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Is It Sexist To Use A Rolling Stones Urinal?
In Berlin, a new museum is opening which is devoted to the Rolling Stones. It’s full of old souvenirs from their 50 year career, collected and curated by fans. A delightful cultural asset to any city, I trust you’ll agree.
But, should you gentlemen find yourselves needing to answer a call of nature while visiting, you’ll be confronted by some distinctive urinals, which are based on the classic Stones logo – a very red caricature of Mick Jagger’s mouth with his tongue out – as designed by John Pasche in the early ’70s.
What makes this situation slightly gross (in more than one way) is that the urinals, which were designed by Meike van Schijndel, are called ‘Kisses,’ have already caused a certain amount of controversy, after they were installed in JFK airport, back in 2004. The problem is, even when presented in the middle of a Rolling Stones museum, once you take that tongue out (to prevent splashbacks, presumably) it becomes, at best, a very girly version of Mick Jagger’s mouth. And at worst, it’s just a girl’s mouth.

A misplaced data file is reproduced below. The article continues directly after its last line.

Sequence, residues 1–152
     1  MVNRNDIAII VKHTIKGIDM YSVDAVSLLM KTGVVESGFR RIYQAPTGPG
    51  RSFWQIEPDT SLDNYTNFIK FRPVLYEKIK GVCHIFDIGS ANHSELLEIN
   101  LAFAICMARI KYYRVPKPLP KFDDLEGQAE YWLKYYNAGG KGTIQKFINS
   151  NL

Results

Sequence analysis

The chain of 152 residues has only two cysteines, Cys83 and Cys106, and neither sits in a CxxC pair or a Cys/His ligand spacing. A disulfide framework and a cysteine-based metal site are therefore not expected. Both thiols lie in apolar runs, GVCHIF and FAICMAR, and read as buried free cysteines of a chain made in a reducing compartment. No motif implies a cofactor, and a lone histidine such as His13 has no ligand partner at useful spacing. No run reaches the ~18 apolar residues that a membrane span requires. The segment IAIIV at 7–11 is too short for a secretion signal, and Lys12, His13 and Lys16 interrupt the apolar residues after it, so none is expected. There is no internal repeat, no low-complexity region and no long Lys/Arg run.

And this has outraged local feminist campaigners, such as Roda Armbruster, who told the LA Times: “If the urinals sported a tongue, it would have been acceptable because the identification with the band and Jagger would have been unmistakable. Without it, it’s a woman’s mouth, not a man’s mouth.”
Ulrich Schroeder, founder of the museaum, is having none of it, telling the German paper Die Welt “it’s art. It’s staying.”
So, the question is, who’s in the right? If these urinals are in the men’s room of a Rolling Stones museum, and based on the Rolling Stones logo, which is itself based on a very specific man’s mouth, are they still sexist?
And more to the point, aren’t they just very, very weird urinals?